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In recent years, an increasing number of Mixed Reality (MR) applications have been developed using agent technology — both for the underlying software and as an interface metaphor. However, no unifying field or theory currently exists that can act as a common frame of reference for these varied works. As a result, much duplication of research is evidenced(More)
Endowing robots with a social interface is often costly and difficult. Virtual characters on the other hand are comparatively cheap and well equipped but suffer from other difficulties, most notably their inability to interact with the physical world. This paper details our wearable solution to combining physical robots and virtual characters into a Mixed(More)
This paper details a framework for mixed reality agents, i.e. agents that exist in both the real and virtual space. These agents combine the physical presence of a robot with the adaptability and expressivity of a virtual character. The objective is to blur the traditional boundaries between the real and the virtual and provide a standardised methodology(More)
We investigated associations of markers of inflammation such as albumin, fibrinogen, C-reactive protein (CRP), and white blood cell count (WBCC) with future weight gain and weight loss in middle-aged adults in order to further elucidate the relationship between subclinical inflammation and weight change. Data were derived from the third population-based(More)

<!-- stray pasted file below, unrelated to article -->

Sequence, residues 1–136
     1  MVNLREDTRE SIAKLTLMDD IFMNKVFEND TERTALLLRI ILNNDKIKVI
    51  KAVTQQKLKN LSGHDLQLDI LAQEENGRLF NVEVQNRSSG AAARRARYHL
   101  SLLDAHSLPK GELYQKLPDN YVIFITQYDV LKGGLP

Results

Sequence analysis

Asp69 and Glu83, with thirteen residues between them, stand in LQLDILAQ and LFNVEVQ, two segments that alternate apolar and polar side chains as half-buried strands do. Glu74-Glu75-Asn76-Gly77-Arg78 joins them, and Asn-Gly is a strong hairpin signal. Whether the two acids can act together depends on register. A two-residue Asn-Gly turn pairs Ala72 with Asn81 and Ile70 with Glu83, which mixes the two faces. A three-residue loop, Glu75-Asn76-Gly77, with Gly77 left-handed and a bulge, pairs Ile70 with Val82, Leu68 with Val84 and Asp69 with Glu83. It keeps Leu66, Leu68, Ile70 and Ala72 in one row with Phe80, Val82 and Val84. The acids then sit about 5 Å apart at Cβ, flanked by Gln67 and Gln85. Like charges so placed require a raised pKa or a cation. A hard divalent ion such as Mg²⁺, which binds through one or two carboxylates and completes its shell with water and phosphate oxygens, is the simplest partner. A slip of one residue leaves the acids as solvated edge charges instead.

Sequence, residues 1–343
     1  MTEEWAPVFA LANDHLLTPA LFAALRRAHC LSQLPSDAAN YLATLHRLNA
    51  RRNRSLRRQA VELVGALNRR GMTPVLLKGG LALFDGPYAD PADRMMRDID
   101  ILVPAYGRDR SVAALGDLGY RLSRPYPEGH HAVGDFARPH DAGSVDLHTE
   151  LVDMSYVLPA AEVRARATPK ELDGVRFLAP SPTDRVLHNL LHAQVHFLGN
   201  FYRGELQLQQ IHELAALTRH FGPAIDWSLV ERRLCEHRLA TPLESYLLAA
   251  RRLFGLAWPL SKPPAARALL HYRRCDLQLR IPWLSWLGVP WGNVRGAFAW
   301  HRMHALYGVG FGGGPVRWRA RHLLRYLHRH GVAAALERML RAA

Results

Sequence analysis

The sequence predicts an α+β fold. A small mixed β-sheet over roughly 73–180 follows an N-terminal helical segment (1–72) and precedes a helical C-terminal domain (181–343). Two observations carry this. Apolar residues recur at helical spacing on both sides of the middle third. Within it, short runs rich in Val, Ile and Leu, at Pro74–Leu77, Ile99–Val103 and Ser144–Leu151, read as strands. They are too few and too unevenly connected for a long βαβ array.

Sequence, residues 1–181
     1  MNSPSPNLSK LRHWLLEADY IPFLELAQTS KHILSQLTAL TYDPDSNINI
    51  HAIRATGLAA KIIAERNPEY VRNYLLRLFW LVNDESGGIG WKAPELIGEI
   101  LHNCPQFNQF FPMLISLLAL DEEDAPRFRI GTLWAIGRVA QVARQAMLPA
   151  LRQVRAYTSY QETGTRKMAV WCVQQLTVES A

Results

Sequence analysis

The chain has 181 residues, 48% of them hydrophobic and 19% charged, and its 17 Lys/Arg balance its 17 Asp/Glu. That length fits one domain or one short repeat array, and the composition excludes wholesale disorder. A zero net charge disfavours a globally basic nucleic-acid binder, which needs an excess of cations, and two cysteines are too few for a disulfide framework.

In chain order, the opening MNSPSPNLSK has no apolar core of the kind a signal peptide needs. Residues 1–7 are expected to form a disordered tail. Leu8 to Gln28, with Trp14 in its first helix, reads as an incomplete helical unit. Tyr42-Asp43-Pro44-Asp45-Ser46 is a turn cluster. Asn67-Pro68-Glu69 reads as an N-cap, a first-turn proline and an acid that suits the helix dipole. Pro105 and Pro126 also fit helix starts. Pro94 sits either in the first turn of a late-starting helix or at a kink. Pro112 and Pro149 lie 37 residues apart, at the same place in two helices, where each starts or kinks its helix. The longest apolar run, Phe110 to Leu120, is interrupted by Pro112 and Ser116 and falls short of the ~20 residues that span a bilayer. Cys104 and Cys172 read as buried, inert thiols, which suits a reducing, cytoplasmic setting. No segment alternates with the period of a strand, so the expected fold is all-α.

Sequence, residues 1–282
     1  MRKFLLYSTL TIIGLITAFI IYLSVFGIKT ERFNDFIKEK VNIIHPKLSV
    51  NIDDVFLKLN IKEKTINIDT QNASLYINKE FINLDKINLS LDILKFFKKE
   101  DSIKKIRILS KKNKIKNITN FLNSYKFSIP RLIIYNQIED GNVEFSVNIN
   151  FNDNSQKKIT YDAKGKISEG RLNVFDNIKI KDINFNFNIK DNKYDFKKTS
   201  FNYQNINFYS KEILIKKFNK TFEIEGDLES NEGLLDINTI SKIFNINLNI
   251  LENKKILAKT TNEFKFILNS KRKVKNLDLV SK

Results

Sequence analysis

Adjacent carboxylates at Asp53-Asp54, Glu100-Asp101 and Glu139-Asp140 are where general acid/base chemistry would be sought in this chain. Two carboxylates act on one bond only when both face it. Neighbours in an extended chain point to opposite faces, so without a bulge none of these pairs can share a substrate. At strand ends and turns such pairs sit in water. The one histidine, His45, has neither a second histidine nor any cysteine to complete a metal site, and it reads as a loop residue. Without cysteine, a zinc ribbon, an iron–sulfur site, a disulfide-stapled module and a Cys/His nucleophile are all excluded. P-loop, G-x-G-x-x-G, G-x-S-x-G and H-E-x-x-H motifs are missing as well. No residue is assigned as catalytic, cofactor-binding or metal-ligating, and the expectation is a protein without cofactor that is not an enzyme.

This paper contests that Mixed Reality (MR) offers a potential solution in achieving transferability between Human Computer Interaction (HCI) and Human Robot Interaction (HRI). Virtual characters (possibly of a robotic genre) can offer highly expressive interfaces that are as convincing as a human, are comparably cheap and can be easily adapted and(More)
This paper details a framework for explicit deliberative control of socially and physically situated agents in virtual, real and mixed reality environments. The objective is to blur the traditional boundaries between the real and the virtual and provide a standardized methodology for intelligent agent control specifically designed for social interaction.(More)
Traditionally, social interaction research has concentrated on either fully virtually embodied agents (e.g. embodied conversational agents) or fully physically embodied agents (e.g. robots). For some time, however, both areas have started augmenting their agents’ capabilities for social interaction using ubiquitous and intelligent environments. We are(More)